Log in | Register

Lack of skilled workers contributes to high street woes

Words: Laura Edgar
Cambridge / iStock-875061760

The main challenges for poorly performing high streets is the lack of skilled workers and the demand to shift away from retail towards high-knowledge and leisure services.

This theory goes against the popular belief that the internet is causing the high street’s health problems.

City Centres: Past, Present and Future suggests that the focus on the struggles of certain high streets ignores the success of well-performing city centres.

The report authors, think tank Centre for Cities in partnership with George Capital, said this “misdiagnoses the core problem: insufficient footfall in city centres due to a lack of jobs”. Instead, the government should treat them as strategic infrastructure projects, similar to transport.

City centres that are successful feature fewer shops but support “knowledge-based” office jobs (marketing and finance), which creates a consumer market for high street leisure activities, such as restaurants and bars to “thrive”, says the report.

Manchester, Birmingham and Liverpool are cited as growing their city centre workforces well in the past 20 years, which has laid the foundations for strong city centre economies.

Report stats:

  • Newport (24.3 per cent), Bradford (21.2 per cent) and Wigan (20.8 per cent) had the highest high street vacancy rates in 2017/18.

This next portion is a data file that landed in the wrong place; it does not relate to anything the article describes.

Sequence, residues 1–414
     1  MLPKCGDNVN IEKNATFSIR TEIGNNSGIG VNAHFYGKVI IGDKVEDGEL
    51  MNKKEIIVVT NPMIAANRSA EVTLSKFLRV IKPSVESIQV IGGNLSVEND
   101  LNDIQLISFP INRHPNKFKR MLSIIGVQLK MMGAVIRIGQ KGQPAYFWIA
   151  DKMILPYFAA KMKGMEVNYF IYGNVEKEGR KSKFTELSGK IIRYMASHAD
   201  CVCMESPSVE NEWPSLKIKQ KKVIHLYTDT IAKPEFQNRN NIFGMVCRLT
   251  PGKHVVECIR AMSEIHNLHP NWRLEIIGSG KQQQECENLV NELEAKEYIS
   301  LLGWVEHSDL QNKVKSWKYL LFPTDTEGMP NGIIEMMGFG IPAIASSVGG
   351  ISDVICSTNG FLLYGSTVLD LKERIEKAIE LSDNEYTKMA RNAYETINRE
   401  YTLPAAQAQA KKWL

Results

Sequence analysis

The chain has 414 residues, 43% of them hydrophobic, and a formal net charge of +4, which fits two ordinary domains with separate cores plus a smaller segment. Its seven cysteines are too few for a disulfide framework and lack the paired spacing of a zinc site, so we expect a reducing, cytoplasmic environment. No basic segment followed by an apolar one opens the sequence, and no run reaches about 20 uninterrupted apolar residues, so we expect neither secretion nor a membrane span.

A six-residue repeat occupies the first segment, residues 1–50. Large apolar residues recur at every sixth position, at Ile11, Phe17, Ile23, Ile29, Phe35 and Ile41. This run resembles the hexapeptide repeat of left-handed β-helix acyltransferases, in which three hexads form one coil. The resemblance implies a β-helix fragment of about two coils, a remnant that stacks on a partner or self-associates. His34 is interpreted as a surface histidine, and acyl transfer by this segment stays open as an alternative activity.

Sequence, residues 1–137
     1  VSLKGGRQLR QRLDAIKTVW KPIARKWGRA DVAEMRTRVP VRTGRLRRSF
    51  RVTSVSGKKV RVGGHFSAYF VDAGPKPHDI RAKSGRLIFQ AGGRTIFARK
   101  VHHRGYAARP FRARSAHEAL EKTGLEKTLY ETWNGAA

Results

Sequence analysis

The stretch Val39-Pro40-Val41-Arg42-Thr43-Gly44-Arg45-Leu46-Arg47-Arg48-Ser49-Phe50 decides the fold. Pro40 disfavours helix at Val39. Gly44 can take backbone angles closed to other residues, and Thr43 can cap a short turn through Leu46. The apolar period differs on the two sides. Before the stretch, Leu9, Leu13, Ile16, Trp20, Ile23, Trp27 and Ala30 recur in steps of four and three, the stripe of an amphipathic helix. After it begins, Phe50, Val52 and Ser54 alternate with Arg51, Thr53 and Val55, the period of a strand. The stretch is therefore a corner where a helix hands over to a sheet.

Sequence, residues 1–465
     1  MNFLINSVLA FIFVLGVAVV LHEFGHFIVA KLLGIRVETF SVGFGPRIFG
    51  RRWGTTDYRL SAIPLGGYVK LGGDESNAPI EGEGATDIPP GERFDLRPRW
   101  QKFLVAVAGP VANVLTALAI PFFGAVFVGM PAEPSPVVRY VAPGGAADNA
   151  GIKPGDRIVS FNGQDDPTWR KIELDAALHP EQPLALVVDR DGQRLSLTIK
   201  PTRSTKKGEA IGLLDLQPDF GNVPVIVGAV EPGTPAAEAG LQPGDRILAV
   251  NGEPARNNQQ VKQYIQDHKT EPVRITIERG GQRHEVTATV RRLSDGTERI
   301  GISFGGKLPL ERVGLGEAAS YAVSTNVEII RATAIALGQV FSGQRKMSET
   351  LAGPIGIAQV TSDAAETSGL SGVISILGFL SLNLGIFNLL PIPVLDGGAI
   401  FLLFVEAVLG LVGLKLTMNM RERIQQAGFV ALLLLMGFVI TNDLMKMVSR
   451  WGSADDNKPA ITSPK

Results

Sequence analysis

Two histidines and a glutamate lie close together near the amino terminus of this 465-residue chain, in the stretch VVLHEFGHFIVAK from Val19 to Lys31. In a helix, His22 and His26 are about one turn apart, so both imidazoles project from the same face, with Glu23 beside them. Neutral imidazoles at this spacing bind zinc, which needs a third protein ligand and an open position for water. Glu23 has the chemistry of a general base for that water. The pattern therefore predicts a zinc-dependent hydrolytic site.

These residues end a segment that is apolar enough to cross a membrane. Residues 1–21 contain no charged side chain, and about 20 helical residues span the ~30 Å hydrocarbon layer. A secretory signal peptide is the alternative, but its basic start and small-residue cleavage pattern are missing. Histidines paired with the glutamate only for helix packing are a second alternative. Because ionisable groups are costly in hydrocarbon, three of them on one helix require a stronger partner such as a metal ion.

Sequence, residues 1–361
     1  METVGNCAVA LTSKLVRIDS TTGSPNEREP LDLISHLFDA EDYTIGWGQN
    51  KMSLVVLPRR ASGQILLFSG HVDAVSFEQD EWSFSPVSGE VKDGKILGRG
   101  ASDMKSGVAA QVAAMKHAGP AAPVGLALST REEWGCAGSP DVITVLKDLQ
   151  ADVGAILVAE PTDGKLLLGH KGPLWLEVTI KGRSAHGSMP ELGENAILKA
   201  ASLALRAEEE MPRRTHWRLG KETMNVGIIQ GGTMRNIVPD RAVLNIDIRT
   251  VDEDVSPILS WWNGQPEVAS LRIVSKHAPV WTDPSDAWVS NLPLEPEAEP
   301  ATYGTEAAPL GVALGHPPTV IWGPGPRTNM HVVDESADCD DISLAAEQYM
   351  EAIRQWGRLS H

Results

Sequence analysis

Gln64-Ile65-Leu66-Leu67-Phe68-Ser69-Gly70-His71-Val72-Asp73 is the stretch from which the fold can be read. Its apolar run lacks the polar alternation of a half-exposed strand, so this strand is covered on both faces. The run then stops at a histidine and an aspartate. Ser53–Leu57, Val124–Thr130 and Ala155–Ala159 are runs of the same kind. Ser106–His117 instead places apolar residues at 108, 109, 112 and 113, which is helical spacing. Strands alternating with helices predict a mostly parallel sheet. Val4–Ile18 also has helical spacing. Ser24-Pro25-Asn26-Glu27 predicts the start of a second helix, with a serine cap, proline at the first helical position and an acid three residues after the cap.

• Cambridge (6.9 per cent), York (7.0 per cent) and London (7.4 per cent) had the lowest high street vacancy rates in 2017/18.

City Centres: Past, Present and Future includes three key recommendations to address the high street’s challenges.

  • The chancellor should allow city leaders to access to the National Productivity Investment Fund to invest in making city centres more attractive places for businesses and employees.
  • The government should offer all city centres exemptions from commercial-to-residential conversions to protect valuable office space.
  • More investment in skills for cities’ residents is necessary to create the educated workforce that future city centres need to thrive.

Andrew Carter, chief executive at Centre for Cities, said: “This research shows that it is not all doom and gloom on the high street, despite the headlines. However, future city centres are likely to look very different from today. We must remember that a successful high street is the result, not the driver, of a successful city economy and take a more holistic approach to regenerating city centres – including allowing councils to access infrastructure funding as well as money set aside for high street regeneration.

“Instead of trying to replace failed shops with more retail, investors and policymakers should focus their strategies on making struggling city centres attractive places to do business and spend leisure time – not just to shop.”

Earlier this week (18 February), The Planner reported that fears about the health of the high street have been “exaggerated”. A report by Turley said that “careful understanding” of places is needed so tailored solutions can be provided to ensure that regeneration is successful. Above everything, local people should be at the heart of town and city centre futures, with opportunities for engagement built in from the start.

Image credit | iStock (large) and Shutterstock (small square)